Global exploration budgets down 29% in 2013
Total global budget for nonferrous metals exploration dropped to $15.2 billion this year, down 29% from the $21.5 billion spent in 2012, reveals Wednesday SNL Metals Economics Group’s latest report.
According to the Corporate Exploration Strategies (CES) study, from the top 10 mining destinations, Canada —No. 1 since overtaking Australia in 2002— experienced the largest dollar decline in allocations.
Exploration spending in the country of the maple leaf dropped more than double the declines recorded by the USA and Australia, lowering its share of total budgets to just over 13%. This is the smallest share in 14 years.
Australian allocations decreased 25% year over year (less than the 30% worldwide decrease), leaving it only about US$25 million behind Canada.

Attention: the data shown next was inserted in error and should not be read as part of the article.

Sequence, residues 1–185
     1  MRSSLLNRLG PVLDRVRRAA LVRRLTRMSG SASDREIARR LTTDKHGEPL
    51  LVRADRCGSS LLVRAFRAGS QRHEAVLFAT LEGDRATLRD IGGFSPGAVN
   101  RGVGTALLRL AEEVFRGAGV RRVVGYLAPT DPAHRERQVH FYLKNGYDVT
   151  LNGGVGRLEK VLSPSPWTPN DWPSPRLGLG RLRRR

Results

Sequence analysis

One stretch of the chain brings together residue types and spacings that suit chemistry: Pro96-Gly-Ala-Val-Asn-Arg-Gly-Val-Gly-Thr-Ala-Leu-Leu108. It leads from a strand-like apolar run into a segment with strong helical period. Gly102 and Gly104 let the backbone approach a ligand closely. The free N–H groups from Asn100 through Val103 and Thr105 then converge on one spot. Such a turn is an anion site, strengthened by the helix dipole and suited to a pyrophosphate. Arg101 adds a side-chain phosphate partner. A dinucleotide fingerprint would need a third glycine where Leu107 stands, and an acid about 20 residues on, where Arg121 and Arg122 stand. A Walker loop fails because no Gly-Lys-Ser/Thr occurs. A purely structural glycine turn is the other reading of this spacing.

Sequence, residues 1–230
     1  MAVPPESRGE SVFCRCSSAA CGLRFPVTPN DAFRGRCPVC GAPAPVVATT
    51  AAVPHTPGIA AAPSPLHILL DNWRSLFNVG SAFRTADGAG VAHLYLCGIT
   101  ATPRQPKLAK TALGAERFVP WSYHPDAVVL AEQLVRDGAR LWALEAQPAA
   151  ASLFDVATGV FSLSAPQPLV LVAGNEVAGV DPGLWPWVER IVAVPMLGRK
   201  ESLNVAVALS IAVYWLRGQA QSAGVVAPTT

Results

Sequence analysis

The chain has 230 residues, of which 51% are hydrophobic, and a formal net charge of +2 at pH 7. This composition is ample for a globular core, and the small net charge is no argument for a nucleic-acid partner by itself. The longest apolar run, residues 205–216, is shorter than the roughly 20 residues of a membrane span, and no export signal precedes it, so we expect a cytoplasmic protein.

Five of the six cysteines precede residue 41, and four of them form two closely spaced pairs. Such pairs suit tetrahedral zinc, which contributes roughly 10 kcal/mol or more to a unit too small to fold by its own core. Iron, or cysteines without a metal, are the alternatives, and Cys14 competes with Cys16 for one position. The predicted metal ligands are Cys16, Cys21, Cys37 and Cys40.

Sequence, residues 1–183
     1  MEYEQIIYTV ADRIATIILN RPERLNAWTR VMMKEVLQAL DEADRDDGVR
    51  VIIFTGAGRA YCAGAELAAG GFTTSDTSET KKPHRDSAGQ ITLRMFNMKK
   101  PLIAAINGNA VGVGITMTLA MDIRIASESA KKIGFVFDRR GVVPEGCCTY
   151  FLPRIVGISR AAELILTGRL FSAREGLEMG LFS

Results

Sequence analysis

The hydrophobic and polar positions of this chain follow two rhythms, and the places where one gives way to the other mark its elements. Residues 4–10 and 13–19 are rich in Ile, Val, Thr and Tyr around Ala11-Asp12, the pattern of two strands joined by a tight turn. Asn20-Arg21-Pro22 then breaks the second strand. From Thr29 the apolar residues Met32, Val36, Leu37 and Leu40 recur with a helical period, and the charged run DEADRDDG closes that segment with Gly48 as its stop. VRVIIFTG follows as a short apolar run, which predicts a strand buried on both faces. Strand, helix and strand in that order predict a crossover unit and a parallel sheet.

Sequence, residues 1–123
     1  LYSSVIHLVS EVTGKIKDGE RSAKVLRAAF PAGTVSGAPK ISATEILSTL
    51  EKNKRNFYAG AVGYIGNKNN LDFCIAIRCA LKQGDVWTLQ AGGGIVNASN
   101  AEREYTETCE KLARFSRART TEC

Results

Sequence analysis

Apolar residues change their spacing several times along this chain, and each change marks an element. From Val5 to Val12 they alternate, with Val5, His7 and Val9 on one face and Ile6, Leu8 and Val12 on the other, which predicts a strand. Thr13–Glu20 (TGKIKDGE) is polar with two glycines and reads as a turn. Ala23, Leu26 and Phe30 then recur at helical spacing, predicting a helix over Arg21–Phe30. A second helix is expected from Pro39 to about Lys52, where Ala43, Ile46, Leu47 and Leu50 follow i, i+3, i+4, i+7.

The study also found interest in exploring Russia and the Democratic Republic of the Congo (DRC) increased significantly, with the first one climbing to the sixth position from No. 8 last year, and Congo replacing Argentina in the No. 10 spot.
This is the first time the African country makes it to the list of top 10 global exploration districts, made up by Canada, USA, Australia, Russia, Chile, Peru, Mexico, Brazil, China and now DRC. Together they attracted almost two-thirds of the worldwide exploration budget this year.
South American nations remained relatively firm this year, with Chile — a perennial member of the top 10— taking the No. 5 spot worldwide for the third consecutive year, only US$8 million behind Mexico, which occupied the fourth position. Peru, however, fell to No. 7, led lower by curtailed gold allocations. And Brazil kept the No. 9 place for the fifth consecutive year.
Cover image by Vladislav Plotnikov